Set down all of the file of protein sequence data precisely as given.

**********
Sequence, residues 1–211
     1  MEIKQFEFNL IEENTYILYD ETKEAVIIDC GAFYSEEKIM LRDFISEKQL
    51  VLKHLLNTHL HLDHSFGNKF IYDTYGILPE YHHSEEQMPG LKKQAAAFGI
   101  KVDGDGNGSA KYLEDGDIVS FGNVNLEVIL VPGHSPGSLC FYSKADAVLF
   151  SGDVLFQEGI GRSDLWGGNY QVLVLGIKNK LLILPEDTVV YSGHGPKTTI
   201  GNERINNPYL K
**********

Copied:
Sequence, residues 1–211
     1  MEIKQFEFNL IEENTYILYD ETKEAVIIDC GAFYSEEKIM LRDFISEKQL
    51  VLKHLLNTHL HLDHSFGNKF IYDTYGILPE YHHSEEQMPG LKKQAAAFGI
   101  KVDGDGNGSA KYLEDGDIVS FGNVNLEVIL VPGHSPGSLC FYSKADAVLF
   151  SGDVLFQEGI GRSDLWGGNY QVLVLGIKNK LLILPEDTVV YSGHGPKTTI
   201  GNERINNPYL K